Novel Diabetes Subgroupings Could Improve Treatment Outcomes
Clustering patients into 5 subgroups may be beneficial for identifying those at risk for diabetic complications.
Five subgroups of diabetes were identified according to disease progression, genetics, and associated risk for complications, which may someday translate to improved treatment guidelines and outcomes, according to a recent study published in the Lancet Diabetes & Endocrinology.
Clusters of diabetes subgroups were compiled from patients with newly diagnosed diabetes (n=8980) and replicated in 3 independent cohorts: the Scania Diabetes Registry (n=1466), All New Diabetics in Uppsala (n=844), and Diabetes Registry Vaasa (n=3485). Subgroupings were based on 6 variables: glutamate decarboxylase antibodies, age at diagnosis, body mass index (BMI), hemoglobin A1c, and estimates of β-cell function and insulin resistance.
Cluster 1 (severe autoimmune diabetes) was characterized by early-onset disease, low BMI, poor metabolic control, insulin deficiency, and presence of glutamate decarboxylase antibodies. Cluster 2 (severe insulin-deficient diabetes) was similar to cluster 1 (severe autoimmune diabetes), but was glutamate decarboxylase antibody-negative. Cluster 3 (severe insulin-resistant diabetes) patients had a high BMI and insulin resistance. Cluster 4 (mild obesity-related diabetes) resulted from a high BMI but no insulin resistance. Finally, cluster 5 (mild age-related diabetes) was similar to cluster 4, but patients were higher in age at diagnosis, with modest metabolic derangements.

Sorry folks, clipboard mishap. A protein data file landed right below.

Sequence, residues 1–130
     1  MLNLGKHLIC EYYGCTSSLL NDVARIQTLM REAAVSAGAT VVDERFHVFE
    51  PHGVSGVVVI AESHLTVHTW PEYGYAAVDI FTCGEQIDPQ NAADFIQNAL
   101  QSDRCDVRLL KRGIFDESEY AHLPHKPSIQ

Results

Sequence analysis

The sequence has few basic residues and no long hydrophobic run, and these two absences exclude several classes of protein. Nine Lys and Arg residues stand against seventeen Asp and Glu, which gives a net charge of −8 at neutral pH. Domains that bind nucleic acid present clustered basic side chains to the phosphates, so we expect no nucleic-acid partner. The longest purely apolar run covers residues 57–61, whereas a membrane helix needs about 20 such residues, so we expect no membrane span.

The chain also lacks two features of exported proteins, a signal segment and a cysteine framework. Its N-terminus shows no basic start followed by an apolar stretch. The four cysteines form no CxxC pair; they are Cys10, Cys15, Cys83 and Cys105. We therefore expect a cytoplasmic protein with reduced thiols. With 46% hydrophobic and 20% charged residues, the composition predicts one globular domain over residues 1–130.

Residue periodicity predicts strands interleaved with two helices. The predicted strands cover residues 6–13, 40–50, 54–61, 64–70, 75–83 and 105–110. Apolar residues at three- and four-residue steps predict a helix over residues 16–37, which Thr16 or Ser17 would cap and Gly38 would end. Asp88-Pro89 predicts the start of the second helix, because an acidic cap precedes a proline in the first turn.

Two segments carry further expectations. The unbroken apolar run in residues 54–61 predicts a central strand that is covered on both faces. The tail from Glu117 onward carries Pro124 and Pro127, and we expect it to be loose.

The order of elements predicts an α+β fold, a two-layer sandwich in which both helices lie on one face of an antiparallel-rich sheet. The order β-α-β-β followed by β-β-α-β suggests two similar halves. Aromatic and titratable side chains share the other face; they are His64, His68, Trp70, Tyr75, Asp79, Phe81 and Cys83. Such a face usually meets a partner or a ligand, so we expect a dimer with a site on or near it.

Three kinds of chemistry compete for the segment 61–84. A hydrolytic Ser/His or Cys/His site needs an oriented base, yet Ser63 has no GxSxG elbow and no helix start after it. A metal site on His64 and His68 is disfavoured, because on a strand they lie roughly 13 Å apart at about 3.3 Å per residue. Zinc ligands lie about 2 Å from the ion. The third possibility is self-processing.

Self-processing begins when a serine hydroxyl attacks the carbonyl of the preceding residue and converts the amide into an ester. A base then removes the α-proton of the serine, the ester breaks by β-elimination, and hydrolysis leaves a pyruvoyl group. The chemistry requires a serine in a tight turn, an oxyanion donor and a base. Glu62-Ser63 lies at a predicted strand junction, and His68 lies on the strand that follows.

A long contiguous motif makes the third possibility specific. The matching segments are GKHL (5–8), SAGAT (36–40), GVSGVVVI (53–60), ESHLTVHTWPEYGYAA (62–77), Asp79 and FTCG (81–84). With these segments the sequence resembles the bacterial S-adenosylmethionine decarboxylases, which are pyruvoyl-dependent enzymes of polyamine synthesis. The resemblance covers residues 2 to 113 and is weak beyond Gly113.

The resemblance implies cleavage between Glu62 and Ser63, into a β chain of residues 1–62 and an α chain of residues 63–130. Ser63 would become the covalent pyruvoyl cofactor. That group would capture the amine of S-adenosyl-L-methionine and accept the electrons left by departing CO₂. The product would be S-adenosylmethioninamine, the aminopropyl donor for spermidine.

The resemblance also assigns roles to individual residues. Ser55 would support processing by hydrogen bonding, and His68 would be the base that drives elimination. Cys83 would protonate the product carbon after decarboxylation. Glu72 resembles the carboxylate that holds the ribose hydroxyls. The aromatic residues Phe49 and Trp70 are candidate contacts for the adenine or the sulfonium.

Cluster 3 had a significantly higher risk for diabetic kidney disease compared with clusters 4 and 5, but had not been prescribed similar treatment for diabetes. Cluster 2 had the highest risk for retinopathy. The unadjusted risk for coronary events and stroke was the lowest in clusters 1, 2, and 4. No genetic variant was associated with any cluster group.
The study investigators wrote, "the results of our study suggest that this new clustering of patients with adult-onset diabetes is superior to the classic diabetes classification because it identifies patients at high risk of diabetic complications at diagnosis and provides information about underlying disease mechanisms, thereby guiding choice of therapy." They added, "This study provides a first step towards a more precise, clinically useful stratification, representing an important step towards precision medicine in diabetes."
Ahlqvist E, Storm P, Käräjämäki A, et al. Novel subgroups of adult-onset diabetes and their association with outcomes: a data-driven cluster analysis of six variables [published online March 1, 2018]. Lancet Diabetes Endocrinol. doi:10.1093/infdis/jix618